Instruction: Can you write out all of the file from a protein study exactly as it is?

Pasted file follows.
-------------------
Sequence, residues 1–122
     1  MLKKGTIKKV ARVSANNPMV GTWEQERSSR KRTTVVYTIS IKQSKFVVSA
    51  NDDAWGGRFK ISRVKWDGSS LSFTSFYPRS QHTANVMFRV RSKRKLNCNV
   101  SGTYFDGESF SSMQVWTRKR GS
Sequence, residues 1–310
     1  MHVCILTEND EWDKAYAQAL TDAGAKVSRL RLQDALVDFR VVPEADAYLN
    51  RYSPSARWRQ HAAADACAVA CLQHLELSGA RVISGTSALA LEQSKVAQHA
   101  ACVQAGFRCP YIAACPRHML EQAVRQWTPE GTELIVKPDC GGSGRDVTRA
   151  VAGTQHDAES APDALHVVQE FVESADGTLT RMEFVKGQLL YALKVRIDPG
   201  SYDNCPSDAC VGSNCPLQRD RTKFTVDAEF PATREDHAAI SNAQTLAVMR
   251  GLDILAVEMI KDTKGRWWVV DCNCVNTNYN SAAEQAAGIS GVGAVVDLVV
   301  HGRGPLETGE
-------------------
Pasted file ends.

Sequence, residues 1–122
     1  MLKKGTIKKV ARVSANNPMV GTWEQERSSR KRTTVVYTIS IKQSKFVVSA
    51  NDDAWGGRFK ISRVKWDGSS LSFTSFYPRS QHTANVMFRV RSKRKLNCNV
   101  SGTYFDGESF SSMQVWTRKR GS
Sequence, residues 1–310
     1  MHVCILTEND EWDKAYAQAL TDAGAKVSRL RLQDALVDFR VVPEADAYLN
    51  RYSPSARWRQ HAAADACAVA CLQHLELSGA RVISGTSALA LEQSKVAQHA
   101  ACVQAGFRCP YIAACPRHML EQAVRQWTPE GTELIVKPDC GGSGRDVTRA
   151  VAGTQHDAES APDALHVVQE FVESADGTLT RMEFVKGQLL YALKVRIDPG
   201  SYDNCPSDAC VGSNCPLQRD RTKFTVDAEF PATREDHAAI SNAQTLAVMR
   251  GLDILAVEMI KDTKGRWWVV DCNCVNTNYN SAAEQAAGIS GVGAVVDLVV
   301  HGRGPLETGE